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1980–1984

1985–1989

 

% Total

OR

ARtotal

% Total

OR

ARtotal

 

% Among Preterm Births

% Among Preterm Births

Factor

% Preterm

 

 

% Preterm

 

 

Multiple births

2.0

8.55

7.4

2.2

9.28

8.4

 

9.3

(8.48–8.62)

10.3

(9.21–9.34)

 

 

41.7

45.6

 

Hypertension

Diabetes

Smoking

Note: Values in parentheses indicate confidence intervals.

Figure B-18 depicts gestational age-specific infant mortality rates for births from 1995 to 2000 among white and African American U.S. resident mothers. At between 26 and 33 weeks of gestation, little difference in infant mortality is evident between the racial groups. This stands in contrast to reports from earlier time periods in the United States in which preterm African American infants were observed to have a survival advantage over white preterm infants (6, 8). At the limit of viability, African American infants continue to have a greater chance of survival. For infants born moderately preterm, term, and postterm, whites exhibit a lower infant mortality rate.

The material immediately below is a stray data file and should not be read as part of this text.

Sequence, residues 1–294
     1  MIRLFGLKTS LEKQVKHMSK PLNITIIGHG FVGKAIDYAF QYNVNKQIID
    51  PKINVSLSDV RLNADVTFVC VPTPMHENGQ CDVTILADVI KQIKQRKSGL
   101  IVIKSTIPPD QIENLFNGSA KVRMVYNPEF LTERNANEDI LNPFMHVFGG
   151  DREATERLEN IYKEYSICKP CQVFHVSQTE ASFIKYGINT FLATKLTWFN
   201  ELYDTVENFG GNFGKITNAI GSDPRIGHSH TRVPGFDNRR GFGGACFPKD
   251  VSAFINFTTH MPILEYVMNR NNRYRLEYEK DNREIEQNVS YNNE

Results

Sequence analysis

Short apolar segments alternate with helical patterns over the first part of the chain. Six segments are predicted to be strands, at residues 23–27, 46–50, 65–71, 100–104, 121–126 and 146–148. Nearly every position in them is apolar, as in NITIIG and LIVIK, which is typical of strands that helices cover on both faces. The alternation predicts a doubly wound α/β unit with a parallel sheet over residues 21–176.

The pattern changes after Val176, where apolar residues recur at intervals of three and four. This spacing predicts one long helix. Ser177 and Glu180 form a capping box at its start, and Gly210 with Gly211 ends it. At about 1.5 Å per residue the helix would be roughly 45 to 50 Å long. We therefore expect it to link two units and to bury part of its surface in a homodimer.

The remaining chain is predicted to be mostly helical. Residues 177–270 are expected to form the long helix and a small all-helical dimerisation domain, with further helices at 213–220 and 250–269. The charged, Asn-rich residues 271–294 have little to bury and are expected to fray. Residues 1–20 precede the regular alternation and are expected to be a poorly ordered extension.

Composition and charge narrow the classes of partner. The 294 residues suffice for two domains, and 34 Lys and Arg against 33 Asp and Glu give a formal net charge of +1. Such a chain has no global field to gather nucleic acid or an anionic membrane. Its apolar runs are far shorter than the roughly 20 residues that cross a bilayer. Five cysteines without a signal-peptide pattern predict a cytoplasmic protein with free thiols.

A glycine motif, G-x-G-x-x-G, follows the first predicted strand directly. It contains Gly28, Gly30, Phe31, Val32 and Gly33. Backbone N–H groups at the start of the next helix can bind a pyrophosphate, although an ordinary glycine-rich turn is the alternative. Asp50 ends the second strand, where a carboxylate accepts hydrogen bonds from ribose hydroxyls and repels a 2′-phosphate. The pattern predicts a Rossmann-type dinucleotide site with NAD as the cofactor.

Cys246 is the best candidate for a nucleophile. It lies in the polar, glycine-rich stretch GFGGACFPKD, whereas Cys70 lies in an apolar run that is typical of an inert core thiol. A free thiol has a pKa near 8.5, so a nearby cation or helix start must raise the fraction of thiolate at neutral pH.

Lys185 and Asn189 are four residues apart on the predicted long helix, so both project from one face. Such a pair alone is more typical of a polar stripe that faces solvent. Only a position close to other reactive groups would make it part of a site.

DISCUSSION

The information provided in this paper reveals an ongoing rise in the rate of preterm births in the United States and considerable geographic variation in rates across U.S. states. Furthermore, during this period of increasing preterm birth rates, the mortality risk associated with a preterm



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